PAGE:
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Injury and illness logs
  • Work-related bloodborne pathogen exposure incidents must be recorded on logs under certain circumstances and with attention to privacy concerns.

The information kept on injury and illness and sharps injury logs help covered employers evaluate the safety of the workplace, understand bloodborne pathogens and other hazards in the workplace, and implement employee protections to reduce or eliminate those hazards. The idea is to prevent future workplace injuries and illnesses, including those related to bloodborne pathogens.

OSHA recordkeeping

OSHA lists “partially exempted industries” at Appendix A to Subpart B of 29 CFR 1904. Employers who are not in a partially exempted industry must keep injury and illness logs under Part 1904.

Section 1904.8 requires all work-related needlesticks and cuts from sharp objects that are contaminated with another person’s blood or other potentially infectious material (OPIM) to be first recorded on the OSHA 300 Log as an “injury.” Later, if the employee is diagnosed with an infectious bloodborne disease, the identity of the disease must be entered and the classification must be changed to an “illness.”

On the other hand, if an employee is splashed or exposed to blood or OPIM without being cut or punctured, the incident must be recorded on the OSHA 300 only if it results in the diagnosis of a bloodborne illness or it meets one or more of the recording criteria of 1904.7.

To protect privacy, the employee’s name must not to be entered on the 300 Log. See the requirements for privacy cases in subparagraphs 1904.29(b)(6) through (b)(10). Employers must keep a separate, confidential list of case numbers and employee names so they can update the cases and provide them if asked by the government.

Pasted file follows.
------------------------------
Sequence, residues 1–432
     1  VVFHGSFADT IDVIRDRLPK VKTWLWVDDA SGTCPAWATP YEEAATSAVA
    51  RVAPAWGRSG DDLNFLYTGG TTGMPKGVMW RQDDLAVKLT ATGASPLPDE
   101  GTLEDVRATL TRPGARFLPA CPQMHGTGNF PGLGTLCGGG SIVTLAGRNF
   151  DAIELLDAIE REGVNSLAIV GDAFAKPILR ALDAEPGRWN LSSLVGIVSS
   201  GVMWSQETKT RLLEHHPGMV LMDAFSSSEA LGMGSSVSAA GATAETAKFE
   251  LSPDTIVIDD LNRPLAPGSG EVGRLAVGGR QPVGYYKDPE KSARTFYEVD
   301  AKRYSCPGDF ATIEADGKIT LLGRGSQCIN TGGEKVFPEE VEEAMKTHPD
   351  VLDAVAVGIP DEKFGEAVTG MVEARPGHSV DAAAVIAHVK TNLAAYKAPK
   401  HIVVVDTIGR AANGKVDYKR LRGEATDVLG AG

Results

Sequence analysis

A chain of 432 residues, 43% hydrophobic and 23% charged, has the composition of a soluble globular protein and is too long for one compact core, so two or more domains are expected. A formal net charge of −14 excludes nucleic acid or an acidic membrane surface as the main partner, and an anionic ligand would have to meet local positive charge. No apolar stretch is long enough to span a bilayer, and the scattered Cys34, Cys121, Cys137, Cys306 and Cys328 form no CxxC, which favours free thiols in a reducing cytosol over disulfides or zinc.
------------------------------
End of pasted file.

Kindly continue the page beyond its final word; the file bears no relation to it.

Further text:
For more information, see 29 CFR 1904 under Other related regulations.

Sharps injury log

Employers not in partially exempted industries and having employees with occupational exposure to bloodborne pathogens must also establish and maintain a sharps injury log for the recording of percutaneous (through the skin) injuries from contaminated sharps. The information in the log has to be recorded and maintained in such a manner as to protect the confidentiality of the injured employee.

This applies to any employer who is required to maintain a log of occupational injuries and illnesses under the Occupational Safety and Health Administration (OSHA) injury and illness recordkeeping standard, Part 1904. The sharps injury log is separate from the log of injuries and illnesses kept under the Part 1904 recordkeeping rule.

The purpose of the log is to aid in the evaluation of devices being used and to quickly identify problem areas in the facility. Thus, it should be reviewed regularly and during the annual review and update of the written exposure control plan.

The sharps injury log needs to contain, at a minimum:

  • The type and brand of device involved in the incident,
  • The department or work area where the incident occurred, and
  • An explanation of how the incident occurred.

If determining the type and brand of the device would increase the potential for additional exposure (e.g., a housekeeper suffer a needlestick injury through a trash bag), the type/brand may be recorded as “Unknown.”

More information may be included in the log. However, the confidentiality of the injured employee must be maintained throughout the process. If the data are made available to other parties (e.g., supervisors, safety committees, employees, or employee representatives), any information that identifies or could reasonably be used to identify the employee must be withheld.

The employer can determine the format in which to maintain the log (e.g., paper or electronic). Many employers already compile reports of percutaneous injuries to comply with 1910.1030(f)(3). Existing mechanisms for collecting these reports could be sufficient, provided that the information meets the minimum requirements of the Bloodborne Pathogens Standard and protects employee confidentiality.

Employers may use the OSHA 300 log and 301 incident report to meet the sharps injury log requirements. To use these recordkeeping forms, the type and brand of the device have to be entered on either the 300 or 301 form, and the records must be maintained in a way that segregates sharps injuries from other types of work injuries.

Logs must be saved for at least five years following the end of the calendar year that they cover.

Employers partially exempt from recordkeeping requirements under Part 1904 are not required to maintain a sharps injury log, but are encouraged to do so.

However, all employers must comply with the post-exposure documentation requirements of 1910.1030(f)(3) and the annual review documentation requirements of 1910.1030(c)(1)(iv), even when a sharps log is not required.